By JR on Monday, June 25, 2012
Ed Miliband is leader of the British Labour Party. His speech about immigration to Britain has generally been reported as a backdown on the "open door" policy favoured by his Labour Party predecessors. It is however a different story if you look at the detail of what he said
In political, economic and demographic terms, we are living through remarkable times. The news, whether it be domestic or international, is almost uniformly bad. And yet amidst this maelstrom, the helmsmen of the emergent global economic and political order continue to chart a course that they set long ago, cognisant of the storms that their policies must surely engender, yet happy for us to suffer the ill-effects of their globalist tempest, utilising the naïveté of those who believe in the ideal of a global village, to aid in their construction of a global prison, from which none, they hope, will be permitted to escape.
Miliband’s speech, like his recent speech on Englishness, was essentially devoid of content. Its intent however, was just the same as its forerunner: to generate headlines conveying the impression that he cares about the ostensible topic under discussion.
Whilst sections of the media and some trades union spokesmen have dutifully complied with this charade, feigning outrage over his touching upon such topics as national identity and immigration, both speeches delivered the same message as found expression in the policy of the last Labour Government: immigration and globalisation are positive, and should be promoted as such. This can be demonstrated through reference to key elements of Miliband’s speech reproduced below:
Excerpt 1: “Britain must control its borders but it must always face outwards to the world. The Britain I believe in is a confident and optimistic country, not one which is insecure and inward looking. If people are looking for a politician who says immigration is just bad for Britain, that's not me. I believe immigration has benefits, economically, culturally and socially.”
Excerpt 2: “I am the son of immigrants and I am hugely proud of it. I will always talk about immigration in a way that is true to who I am, to my heritage, to my mum and dad.”
Excerpt 3: “Providing a refuge for those fleeing persecution. And a new approach to immigration based on building a different kind of economy. An economy that doesn't leave anyone behind. That continues to attract people from abroad who contribute their talents to our economy and society. That offers proper wages and good conditions. That's the kind of economy that will enable Britain to compete with the world.”
In summary the core message of Miliband’s speech was this: Labour made a gaffe in selling mass immigration from the EU accession states to the public and this backfired electorally, not because the party believes this to have been wrong, but because it handled its propaganda maladroitly. The Labour Party needs to repair its image with its traditional indigenous (although Labour’s upper echelons would never use such a term) working-class supporters, who have to a considerable degree deserted Labour; it would still like their votes.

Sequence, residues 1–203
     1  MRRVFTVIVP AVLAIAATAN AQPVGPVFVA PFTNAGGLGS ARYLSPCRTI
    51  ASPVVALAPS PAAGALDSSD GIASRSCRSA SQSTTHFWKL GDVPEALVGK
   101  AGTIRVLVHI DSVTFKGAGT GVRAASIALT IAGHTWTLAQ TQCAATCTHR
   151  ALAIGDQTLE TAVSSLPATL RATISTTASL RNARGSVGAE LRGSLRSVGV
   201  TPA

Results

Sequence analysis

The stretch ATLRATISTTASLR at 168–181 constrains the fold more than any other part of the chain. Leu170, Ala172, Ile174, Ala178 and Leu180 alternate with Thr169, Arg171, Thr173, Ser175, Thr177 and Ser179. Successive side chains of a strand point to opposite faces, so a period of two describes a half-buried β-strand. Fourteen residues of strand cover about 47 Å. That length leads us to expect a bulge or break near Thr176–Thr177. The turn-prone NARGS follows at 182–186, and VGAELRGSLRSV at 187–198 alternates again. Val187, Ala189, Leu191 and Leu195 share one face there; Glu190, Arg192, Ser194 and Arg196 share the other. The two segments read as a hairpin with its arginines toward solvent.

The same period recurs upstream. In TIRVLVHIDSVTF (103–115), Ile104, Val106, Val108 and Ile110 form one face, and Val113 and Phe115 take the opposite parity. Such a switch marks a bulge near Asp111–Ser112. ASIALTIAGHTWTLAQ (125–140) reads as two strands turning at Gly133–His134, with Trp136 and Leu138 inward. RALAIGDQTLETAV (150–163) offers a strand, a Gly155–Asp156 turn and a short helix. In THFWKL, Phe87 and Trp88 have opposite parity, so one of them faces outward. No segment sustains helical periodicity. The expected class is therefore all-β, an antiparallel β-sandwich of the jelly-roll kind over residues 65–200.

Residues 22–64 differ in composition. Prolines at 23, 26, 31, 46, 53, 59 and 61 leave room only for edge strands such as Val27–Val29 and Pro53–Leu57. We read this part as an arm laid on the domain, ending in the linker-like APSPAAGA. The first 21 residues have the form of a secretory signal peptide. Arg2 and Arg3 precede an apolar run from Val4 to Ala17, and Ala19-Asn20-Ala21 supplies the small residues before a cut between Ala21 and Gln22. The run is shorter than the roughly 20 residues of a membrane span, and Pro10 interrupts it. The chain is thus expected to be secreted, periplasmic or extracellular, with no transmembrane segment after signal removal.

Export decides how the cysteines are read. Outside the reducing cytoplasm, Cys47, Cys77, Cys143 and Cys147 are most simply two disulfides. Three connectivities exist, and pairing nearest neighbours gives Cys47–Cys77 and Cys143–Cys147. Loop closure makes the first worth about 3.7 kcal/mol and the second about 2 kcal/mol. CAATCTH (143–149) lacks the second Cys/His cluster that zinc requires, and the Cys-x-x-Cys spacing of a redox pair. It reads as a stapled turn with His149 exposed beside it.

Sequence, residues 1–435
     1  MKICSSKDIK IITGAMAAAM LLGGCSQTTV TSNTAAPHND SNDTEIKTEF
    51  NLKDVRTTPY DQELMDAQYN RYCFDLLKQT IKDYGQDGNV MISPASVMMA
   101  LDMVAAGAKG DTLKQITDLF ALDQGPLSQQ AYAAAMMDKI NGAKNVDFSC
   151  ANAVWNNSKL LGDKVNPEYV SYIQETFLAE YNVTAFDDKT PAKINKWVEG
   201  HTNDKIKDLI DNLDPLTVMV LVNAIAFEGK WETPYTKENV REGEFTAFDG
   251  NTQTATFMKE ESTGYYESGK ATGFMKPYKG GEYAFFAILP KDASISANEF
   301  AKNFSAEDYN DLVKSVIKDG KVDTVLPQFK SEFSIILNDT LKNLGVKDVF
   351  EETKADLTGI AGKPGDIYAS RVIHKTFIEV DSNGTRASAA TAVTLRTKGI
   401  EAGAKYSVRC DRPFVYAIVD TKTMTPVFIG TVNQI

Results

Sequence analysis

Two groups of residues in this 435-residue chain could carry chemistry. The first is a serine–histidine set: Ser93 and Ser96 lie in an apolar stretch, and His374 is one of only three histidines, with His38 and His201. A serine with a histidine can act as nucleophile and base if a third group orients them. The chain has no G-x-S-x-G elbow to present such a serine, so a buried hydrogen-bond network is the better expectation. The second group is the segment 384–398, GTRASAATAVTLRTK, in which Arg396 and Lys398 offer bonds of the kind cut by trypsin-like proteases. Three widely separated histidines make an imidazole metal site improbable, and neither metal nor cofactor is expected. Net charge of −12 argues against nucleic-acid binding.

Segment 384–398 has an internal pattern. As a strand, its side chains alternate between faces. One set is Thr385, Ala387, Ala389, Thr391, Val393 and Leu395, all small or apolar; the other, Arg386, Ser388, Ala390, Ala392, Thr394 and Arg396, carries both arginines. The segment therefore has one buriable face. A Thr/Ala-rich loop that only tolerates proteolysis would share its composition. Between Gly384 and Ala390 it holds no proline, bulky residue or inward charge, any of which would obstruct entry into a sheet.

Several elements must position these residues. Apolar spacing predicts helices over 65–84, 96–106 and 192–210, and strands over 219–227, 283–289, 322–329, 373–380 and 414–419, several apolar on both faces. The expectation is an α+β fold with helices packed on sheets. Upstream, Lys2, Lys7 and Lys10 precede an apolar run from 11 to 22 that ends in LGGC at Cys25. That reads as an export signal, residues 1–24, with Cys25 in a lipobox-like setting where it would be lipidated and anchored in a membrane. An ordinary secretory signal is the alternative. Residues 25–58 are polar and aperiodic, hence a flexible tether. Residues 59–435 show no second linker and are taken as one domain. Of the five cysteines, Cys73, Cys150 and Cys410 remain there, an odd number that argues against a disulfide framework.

By talking about “immigration” in a manner which suggests to the public that Miliband is recognising Labour’s mistakes and addressing their concerns, whilst in reality simply acknowledging that there had been public disquiet and then reiterating the message that Labour still advocates mass immigration and thinks that it is beneficial, Labour hopes that it can pull the wool over the public’s eyes and win back the support of ex-Labour voters without changing policy. Miliband wishes to change the presentation of policy, whilst retaining its essence: open borders and the deculturisation of the United Kingdom, especially England.
Another highly noteworthy aspect of Miliband’s speech was the target that he selected in his discussion of mass immigration: white Central and Eastern Europeans from the EU member states of the former Soviet bloc. Nowhere did he have a critical word to say with respect to the far larger, as well as more culturally and economically problematic influx, of immigrants from Asia (predominantly Pakistan and Bangladesh) and Africa (e.g. Somalia and Nigeria). It seems that he is perfectly at ease with this mass settlement.
Why? Although it is true that mass immigration from the EU accession states of the former Soviet bloc has lowered wages, increased unemployment and placed an increased strain on housing, education, health and utilities, there is not so great a cultural gulf between these immigrants and the host population as that between us and the incomers from Asia and Africa.
Although the press are keen to run stories about ‘East European’ or ‘Romanian’ criminal gangs, these are predominantly Roma, and thus should not be conflated with ethnic Romanians or other immigrants from Central and Eastern Europe.
So, why is it, taking into consideration the additional problems associated with significant elements of the immigrant populations from Africa and Asia, that Miliband chose not to focus upon them? Given Miliband’s glaring omission, it could give the impression that he has some issue with white European peoples that he does not have with non-Europeans.
Ed Miliband is the son of a Belgian-born Marxist theoretician of Jewish origins. Is that why he seems to have so little attachment to England and Englishness? He certainly stresses his family ties. Both Marxism and Jewishness would tend to lead him towards little respect for civilizations of Christian origins -- JR